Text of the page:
Is there a good Tutorial on how to create an Admin Panel in Meteor?

Hi, Im new to Meteor. I have already followed some tutorials and books to learn the basics of Meteor. But is there a good tutorial on how to create an admin panel which is restricted to the normal users?

Thanks in advance :smile:

Easier than you’d think

Start by using a library like alanning:roles to put users in roles. Eg:

Meteor.startup(function () {
  const admins = ['', ''].map(email => Accounts.findUserByEmail(email));
  Roles.addUsersToRoles(admins, 'admin', Roles.GLOBAL_GROUP);

Here’s a small catch: They can render the admin page, but since meteor is data driven, you just publish information to the admins. They may render the page, but they won’t have any information.

Meteor.publish('adminData', function () {
  if (Roles.userIsInRole(this.userId, 'admin', Roles.GLOBAL_GROUP)) {
    return SecretData.find();
  } else {
    this.error(new Meteor.Error(403, "Access Denied"));

Cool! Thats’s great news. But according to what I understand, meteor loads all the files at first. But what if we want to stop loading the admin related js and html files from loading to normal users? Is it possible to do this?

Also is it possible to restrict a specific route and all it’s sub routes to normal users? I’m planning to use the FlowRouter.

You can’t, really, you just restrict the data that they receive and what they can do.

Sure, they can render the admin page, but you can just make it not show anything of value. Or even better, make an access denied screen.

  if isInRole 'admin'
    // your template data here
    h1 Invalid Permissions.

I use the Roles package, and have added a few layers of security based around that.

  1. Router-level: You can’t restrict the route directly based around role, but if your using the useraccounts package, you can require the user be logged in, at which point you can THEN check their role. Example (using FlowRouter and Blaze):

    FlowRouter.route(’/dashboard/’, {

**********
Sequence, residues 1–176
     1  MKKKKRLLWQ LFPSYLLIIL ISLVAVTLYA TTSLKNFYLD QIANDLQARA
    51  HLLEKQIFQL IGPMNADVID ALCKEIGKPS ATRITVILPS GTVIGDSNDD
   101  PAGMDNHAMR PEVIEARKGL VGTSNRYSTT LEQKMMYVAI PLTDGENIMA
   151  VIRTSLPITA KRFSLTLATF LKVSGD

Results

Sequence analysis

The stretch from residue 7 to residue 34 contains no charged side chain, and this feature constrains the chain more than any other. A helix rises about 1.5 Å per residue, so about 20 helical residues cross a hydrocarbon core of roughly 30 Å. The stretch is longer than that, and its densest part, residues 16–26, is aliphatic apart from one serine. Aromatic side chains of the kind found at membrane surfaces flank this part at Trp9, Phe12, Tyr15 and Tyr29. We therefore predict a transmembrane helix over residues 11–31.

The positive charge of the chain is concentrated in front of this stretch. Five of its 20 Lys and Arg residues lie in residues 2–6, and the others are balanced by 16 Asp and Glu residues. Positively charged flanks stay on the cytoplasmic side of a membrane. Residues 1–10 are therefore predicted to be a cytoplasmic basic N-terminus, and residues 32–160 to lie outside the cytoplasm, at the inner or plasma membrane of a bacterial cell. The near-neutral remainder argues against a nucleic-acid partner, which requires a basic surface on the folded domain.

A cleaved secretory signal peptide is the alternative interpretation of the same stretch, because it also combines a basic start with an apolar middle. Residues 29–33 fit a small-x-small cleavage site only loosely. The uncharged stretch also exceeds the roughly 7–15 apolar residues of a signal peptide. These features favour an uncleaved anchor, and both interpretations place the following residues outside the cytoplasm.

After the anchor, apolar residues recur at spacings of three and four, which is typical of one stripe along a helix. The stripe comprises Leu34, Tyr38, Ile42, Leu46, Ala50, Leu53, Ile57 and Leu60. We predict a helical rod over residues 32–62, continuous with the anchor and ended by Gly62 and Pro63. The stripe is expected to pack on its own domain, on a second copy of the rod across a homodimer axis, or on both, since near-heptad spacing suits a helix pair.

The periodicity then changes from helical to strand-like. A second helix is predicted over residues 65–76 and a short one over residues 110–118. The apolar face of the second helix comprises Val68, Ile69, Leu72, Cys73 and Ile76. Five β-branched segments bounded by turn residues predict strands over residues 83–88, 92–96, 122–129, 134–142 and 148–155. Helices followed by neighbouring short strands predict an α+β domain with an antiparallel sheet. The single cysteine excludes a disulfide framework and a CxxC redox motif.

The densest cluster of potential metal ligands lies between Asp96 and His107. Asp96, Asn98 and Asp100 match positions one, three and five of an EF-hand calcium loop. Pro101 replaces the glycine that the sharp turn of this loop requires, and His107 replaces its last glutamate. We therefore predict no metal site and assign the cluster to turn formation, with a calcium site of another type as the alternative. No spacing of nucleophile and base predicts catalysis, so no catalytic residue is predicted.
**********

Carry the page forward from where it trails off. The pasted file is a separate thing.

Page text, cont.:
triggersEnter: [AccountsTemplates.ensureSignedIn],
    action: function() {
    BlazeLayout.render(“layout”, {main: “dashboard”});

  2. Template-level security: In my primary Layout template I have a block that builds upon the above route based security. It (again) checks for login, and then checks for role. If the user is of a desirable role, the layout will be rendered. If not, access denied. Example:

         {{#if authLoggedIn}}
             {{#if isInRole 'superadmin,admin,user'}}
  3. Publication-level: The above is all client based security. Of course, some malicious users may be able to find a way past that security - our job is to make it inconvenient, which we did, but we have to plan for them to bypass it. We can do that by limiting what data the server sends to the client. In my example I’m making sure the user is logged in, and then making sure they are not a “deactivated” role, but in your case you can edit as you like:

    Meteor.publish(‘suppliers’, function() {

     // if user is not logged in, do not return anything
         return null;
     // if user is deactivated, do not return anything
     if (Roles.userIsInRole(this.userId, ['deactivated']))
         return null;
     return SuppliersCollection.find();


  4. Method-level: Aside from publications, all functions/API that are ran on the server should also verify role similarly. Example:

    // check permissions
    if(!Roles.userIsInRole(this.userId, [‘superadmin’,‘admin’])) {
    return {
    insufficientPermission: true

Following these 4 steps should leave your application pretty solid. It will be a real pain for them to bypass the layers of client security, and even if they do, they will not have any data and will not be able to perform any functions, unless they are both logged in & in the proper role to access the data/functionality!

Good luck! =)


You might want to look into Meteor Candy, it might be the most “modern” way to build admin panels. It sits right in your app, so you can leverage your existing login session and even roles system. A big part of what makes this approach reasonable is dynamic imports, which keeps the package from adding significant weight to the client.